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Synapse. 2013 Mar;67(3):145-59. doi: 10.1002/syn.21626. Epub 2012 Dec 8.

Cannabinoid receptor agonists upregulate and enhance serotonin 2A (5-HT(2A)) receptor activity via ERK1/2 signaling.

Author information

1
Department of Pharmacology and Toxicology, School of Pharmacy, University of Kansas, Lawrence, Kansas 66045, USA.

Abstract

Recent behavioral studies suggest that nonselective agonists of cannabinoid receptors may regulate serotonin 2A (5-HT(2A)) receptor neurotransmission. Two cannabinoids receptors are found in brain, CB1 and CB2 receptors, but the molecular mechanism by which cannabinoid receptors would regulate 5-HT(2A) receptor neurotransmission remains unknown. Interestingly, we have recently found that certain cannabinoid receptor agonists can specifically upregulate 5-HT(2A) receptors. Here, we present experimental evidence that rats treated with a nonselective cannabinoid receptor agonist (CP 55,940, 50 µg/kg, 7 days) showed increases in 5-HT(2A) receptor protein levels, 5-HT(2A) receptor mRNA levels, and 5-HT(2A) receptor-mediated phospholipase C beta (PLCβ) activity in prefrontal cortex (PFCx). Similar effects were found in neuronal cultured cells treated with CP 55,940 but these effects were prevented by selective CB2, but not selective CB1, receptor antagonists. CB2 receptors couple to the extracellular kinase (ERK) signaling pathway by Gα(i/o) class of G-proteins. Noteworthy, GP 1a (selective CB2 receptor agonist) produced a strong upregulation of 5-HT(2A) receptor mRNA and protein, an effect that was prevented by selective CB2 receptor antagonists and by an ERK1/2 inhibitor, PD 198306. In summary, our results identified a strong cannabinoid-induced upregulation of 5-HT(2A) receptor signaling in rat PFCx. Our cultured cell studies suggest that selective CB2 receptor agonists upregulate 5-HT(2A) receptor signaling by activation of the ERK1/2 signaling pathway. Activity of cortical 5-HT(2A) receptors has been associated with several physiological functions and neuropsychiatric disorders such as stress response, anxiety and depression, and schizophrenia. Therefore, these results may provide a molecular mechanism by which activation of cannabinoid receptors might be relevant to the pathophysiology of some cognitive and mood disorders in humans.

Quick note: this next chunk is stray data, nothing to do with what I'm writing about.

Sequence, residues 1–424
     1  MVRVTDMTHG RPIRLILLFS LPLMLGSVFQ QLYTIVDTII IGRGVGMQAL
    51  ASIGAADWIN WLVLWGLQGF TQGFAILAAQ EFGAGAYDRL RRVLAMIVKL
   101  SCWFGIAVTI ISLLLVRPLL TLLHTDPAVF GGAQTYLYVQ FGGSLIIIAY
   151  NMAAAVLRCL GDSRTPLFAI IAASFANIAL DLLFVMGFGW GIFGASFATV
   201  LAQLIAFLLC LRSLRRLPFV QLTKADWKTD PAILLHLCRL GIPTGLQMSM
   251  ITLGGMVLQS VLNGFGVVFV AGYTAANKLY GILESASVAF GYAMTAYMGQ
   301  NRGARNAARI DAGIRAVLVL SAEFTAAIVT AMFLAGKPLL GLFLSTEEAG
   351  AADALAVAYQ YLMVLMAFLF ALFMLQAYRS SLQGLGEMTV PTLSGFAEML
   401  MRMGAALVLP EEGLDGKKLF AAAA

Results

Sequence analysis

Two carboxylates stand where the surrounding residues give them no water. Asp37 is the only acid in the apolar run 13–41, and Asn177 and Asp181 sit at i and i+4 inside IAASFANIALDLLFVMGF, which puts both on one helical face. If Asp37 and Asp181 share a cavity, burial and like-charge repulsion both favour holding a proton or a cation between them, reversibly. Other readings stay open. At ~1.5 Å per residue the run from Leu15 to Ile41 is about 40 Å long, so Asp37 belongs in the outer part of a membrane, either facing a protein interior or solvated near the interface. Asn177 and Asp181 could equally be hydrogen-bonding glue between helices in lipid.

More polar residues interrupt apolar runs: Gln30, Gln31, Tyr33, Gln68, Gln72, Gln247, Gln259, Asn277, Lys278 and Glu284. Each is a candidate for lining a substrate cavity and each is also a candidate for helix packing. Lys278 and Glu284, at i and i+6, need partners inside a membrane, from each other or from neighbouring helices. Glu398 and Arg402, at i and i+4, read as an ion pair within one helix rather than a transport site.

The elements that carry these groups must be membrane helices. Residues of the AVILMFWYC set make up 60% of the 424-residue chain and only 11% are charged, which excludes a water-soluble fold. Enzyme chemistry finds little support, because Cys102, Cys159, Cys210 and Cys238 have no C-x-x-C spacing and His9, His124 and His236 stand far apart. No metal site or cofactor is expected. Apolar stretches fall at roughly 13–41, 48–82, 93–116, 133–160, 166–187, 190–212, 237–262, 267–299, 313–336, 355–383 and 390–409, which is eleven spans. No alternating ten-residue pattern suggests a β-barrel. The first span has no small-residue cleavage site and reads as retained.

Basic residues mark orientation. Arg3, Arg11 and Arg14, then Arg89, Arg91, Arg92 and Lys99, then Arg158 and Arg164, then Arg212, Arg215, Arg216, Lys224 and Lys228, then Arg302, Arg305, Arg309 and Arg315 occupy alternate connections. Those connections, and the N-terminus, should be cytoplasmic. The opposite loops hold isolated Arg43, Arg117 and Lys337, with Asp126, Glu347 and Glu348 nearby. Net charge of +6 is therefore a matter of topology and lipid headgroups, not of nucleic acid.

PMID:
23151877
PMCID:
PMC3552103
DOI:
10.1002/syn.21626
[Indexed for MEDLINE]
Free PMC Article

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